Film-companion-Extraction-Chris-hemsworth

When 16-year-old Rudhraksh Jaiswal was cast in Netflix thriller Extraction, he thought he recognised its director, Sam Hargrave, from a very different role: Captain America’s stunt double. “I’m a crazy Avengers fan,” says Jaiswal, who plays the kidnapped son of an international crime lord in the film, which streams on April 24. He quickly learned that a typical day on a Avengers stuntman-turned-director’s set involved Hargraves strapping himself to the bonnet of a car and being driven around to capture shots. “He’s crazy. It was very dangerous. Our movie is full of intense action scenes. Once, we were driving and he accidentally bumped into our car. That was very scary but he was okay,” says Jaiswal.

Hargraves isn’t the only Avengers cast member part of the project – it stars Chris Hemsworth as a black-market mercenary hired to rescue the boy. Over a six-month-long shoot across Ahmedabad and Bangkok, Jaiswal says the two developed a close-knit relationship, documented on his Instagram account that features videos of them swimming, hitting the gym together and goofing off on set. “The first time I met him, his presence on set made the atmosphere immensely magical. You automatically feel more diligent because you don’t want to make mistakes while working with such a big person, you want to learn from him.” The two now text frequently, with Jaiswal asking for advice on acting, roles and workshops.

How does a teenager with not much acting experience land a big Netflix movie across a major action star? Jaiswal credits it to an audition he gave for the series Selection Day in 2017. He didn’t get the part, but stood out to the casting director, who called him in to try out for the part of a “dusky looking guy” for Extraction (then called Dhaka) a year later. The next round pitted him against four other children from Mumbai up for the part. Then came the call. “They didn’t tell my mom directly that I’d been selected, just asked if I was available on certain dates. My mom didn’t know who Chris Hemsworth was initially but when I told her, she went nuts.”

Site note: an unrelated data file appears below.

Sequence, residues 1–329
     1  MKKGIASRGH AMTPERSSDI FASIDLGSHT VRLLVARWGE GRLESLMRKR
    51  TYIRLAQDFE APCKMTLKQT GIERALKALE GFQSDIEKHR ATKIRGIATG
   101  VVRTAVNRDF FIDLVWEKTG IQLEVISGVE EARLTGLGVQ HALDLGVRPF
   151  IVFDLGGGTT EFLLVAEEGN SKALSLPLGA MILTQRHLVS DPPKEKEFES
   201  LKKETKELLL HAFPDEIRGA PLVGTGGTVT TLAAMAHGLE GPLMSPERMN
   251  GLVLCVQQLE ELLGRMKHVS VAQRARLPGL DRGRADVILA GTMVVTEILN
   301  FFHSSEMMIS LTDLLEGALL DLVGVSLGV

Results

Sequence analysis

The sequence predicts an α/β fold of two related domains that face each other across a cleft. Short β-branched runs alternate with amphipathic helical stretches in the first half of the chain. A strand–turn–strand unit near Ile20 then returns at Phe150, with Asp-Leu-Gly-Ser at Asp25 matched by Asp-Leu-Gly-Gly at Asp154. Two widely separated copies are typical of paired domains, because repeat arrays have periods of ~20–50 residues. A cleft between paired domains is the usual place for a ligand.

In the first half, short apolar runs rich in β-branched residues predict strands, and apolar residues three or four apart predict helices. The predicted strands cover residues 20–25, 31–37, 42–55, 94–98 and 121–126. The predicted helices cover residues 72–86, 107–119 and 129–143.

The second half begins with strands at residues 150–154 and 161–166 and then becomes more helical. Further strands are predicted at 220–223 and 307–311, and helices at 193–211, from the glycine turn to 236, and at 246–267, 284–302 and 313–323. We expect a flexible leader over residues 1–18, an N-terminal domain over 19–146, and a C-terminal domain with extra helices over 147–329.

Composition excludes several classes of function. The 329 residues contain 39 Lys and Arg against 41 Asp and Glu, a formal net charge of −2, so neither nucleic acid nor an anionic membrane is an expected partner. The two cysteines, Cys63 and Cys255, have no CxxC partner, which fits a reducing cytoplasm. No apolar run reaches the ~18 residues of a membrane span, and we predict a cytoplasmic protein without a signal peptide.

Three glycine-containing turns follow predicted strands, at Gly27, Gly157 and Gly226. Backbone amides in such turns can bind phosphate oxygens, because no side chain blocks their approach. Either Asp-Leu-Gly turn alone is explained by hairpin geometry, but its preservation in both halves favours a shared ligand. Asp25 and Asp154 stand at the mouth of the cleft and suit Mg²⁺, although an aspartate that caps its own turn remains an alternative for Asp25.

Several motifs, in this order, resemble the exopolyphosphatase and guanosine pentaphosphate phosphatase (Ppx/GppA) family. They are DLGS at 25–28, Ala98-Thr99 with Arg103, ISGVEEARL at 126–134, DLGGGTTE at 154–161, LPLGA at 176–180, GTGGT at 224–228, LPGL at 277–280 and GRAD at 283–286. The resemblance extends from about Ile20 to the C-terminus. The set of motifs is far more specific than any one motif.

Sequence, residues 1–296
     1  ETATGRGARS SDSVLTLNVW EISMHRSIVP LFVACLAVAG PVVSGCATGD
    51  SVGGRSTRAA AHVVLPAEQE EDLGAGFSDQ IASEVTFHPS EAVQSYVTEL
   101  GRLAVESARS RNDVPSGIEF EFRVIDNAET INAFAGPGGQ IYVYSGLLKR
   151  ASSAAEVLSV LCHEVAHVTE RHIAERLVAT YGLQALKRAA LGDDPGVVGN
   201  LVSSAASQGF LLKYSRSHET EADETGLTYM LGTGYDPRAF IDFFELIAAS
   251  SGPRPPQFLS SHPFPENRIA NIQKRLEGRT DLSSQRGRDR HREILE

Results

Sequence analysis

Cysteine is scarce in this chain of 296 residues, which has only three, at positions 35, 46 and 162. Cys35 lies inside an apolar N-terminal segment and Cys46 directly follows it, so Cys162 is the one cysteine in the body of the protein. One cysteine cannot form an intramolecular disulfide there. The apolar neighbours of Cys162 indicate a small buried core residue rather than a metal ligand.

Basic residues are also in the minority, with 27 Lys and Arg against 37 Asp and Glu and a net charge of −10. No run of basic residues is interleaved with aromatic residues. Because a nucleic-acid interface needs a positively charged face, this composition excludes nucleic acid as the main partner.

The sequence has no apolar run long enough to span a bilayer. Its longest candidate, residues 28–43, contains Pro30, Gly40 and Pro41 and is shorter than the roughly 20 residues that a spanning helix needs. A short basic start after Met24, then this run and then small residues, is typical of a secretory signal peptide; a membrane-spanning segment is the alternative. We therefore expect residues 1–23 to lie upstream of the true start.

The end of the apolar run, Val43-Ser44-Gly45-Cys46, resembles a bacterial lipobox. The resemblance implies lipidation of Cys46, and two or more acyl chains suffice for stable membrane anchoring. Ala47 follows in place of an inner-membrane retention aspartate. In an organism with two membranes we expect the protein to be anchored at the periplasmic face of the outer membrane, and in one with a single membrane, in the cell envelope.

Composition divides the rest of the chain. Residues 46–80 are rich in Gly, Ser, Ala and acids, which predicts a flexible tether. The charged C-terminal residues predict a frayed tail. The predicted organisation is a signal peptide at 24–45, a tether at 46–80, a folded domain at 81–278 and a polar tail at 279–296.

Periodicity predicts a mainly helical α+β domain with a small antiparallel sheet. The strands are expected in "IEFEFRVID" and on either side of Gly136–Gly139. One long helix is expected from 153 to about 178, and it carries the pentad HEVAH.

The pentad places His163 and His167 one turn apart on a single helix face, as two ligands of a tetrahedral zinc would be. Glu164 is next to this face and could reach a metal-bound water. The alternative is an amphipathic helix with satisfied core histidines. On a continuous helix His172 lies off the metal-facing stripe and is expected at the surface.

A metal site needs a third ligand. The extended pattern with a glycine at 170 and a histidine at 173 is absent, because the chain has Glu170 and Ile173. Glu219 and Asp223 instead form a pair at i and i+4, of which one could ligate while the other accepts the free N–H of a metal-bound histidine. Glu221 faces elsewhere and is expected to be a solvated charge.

Acting was never part of the plan for the state-level swimmer who thought he’d pursue the sport full-time. At 10, however, he got a call asking him to audition for an advertisement with Virat Kohli. A slew of other advertisements followed and three years later, he got cast as Sahadeva in Mahabharat (2013), a part that required him to deliver lengthy monologues in Hindi as part of the audition process. “I wanted a big break at that age because I was doing nothing from the age of 10 to 13. It had been a three-year-long struggle,” he says. Auditions, particularly the crowds, chaos and competitiveness, still seem daunting, but over the years, he’s come to see them as learning opportunities instead.

Jaiswal found out he had got the Extraction role with months to go for his board exams in October 2018. After he convinced his school authorities to let him take the exams in February the following year instead, he moved to Ahmedabad and began rehearsing, attending mock shoots and script reading sessions with Hemsworth and Hargraves every day. “Chris would teach me what his acting teacher taught him – dialogue delivery, voice modulation, the significance of pauses. He did most of the lines for me so I could copy them and deliver them properly on the final day,” he says. He also credits Netflix with helping him keep up with his studies – the streaming services bears the expenses of a teacher for any minor it hires. “Indian productions aren’t as caring about studies. There’s more work pressure, more work hours,” he says.

Jaiswal looks back at his experiences with disbelief but admits he was bummed about having to give up parts in Tanhaji: The Unsung Warrior and the Gunjan Saxena biopic to do Extraction. Still, he’s counting on the film to introduce him to a wider audience. It’s already happening on Instagram, where he now has close to 30k followers. “There are times I get DMs saying, ‘You’re not the person who should’ve worked with Chris Hemsworth, you are nothing.’ I feel sad when I read them, these are people who don’t think I deserve being part of a large movie. But I have good messages also. I’ve proven the haters wrong finally. They’ve turned into my fans now,” he says.

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